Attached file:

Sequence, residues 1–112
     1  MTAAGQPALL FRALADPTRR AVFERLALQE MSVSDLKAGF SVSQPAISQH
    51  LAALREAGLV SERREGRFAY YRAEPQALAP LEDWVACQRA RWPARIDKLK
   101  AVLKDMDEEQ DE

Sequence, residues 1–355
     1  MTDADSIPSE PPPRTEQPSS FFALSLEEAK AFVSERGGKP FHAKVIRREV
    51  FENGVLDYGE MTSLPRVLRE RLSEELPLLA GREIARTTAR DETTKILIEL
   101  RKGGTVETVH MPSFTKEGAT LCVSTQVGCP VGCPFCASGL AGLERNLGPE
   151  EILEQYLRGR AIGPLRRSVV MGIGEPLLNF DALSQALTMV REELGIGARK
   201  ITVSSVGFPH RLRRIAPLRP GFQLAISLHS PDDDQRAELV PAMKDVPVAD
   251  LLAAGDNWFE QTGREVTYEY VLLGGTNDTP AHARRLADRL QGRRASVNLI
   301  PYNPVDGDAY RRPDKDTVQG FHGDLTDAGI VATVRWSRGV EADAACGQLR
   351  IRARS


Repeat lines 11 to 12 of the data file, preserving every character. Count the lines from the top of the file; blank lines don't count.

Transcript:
   251  LLAAGDNWFE QTGREVTYEY VLLGGTNDTP AHARRLADRL QGRRASVNLI
   301  PYNPVDGDAY RRPDKDTVQG FHGDLTDAGI VATVRWSRGV EADAACGQLR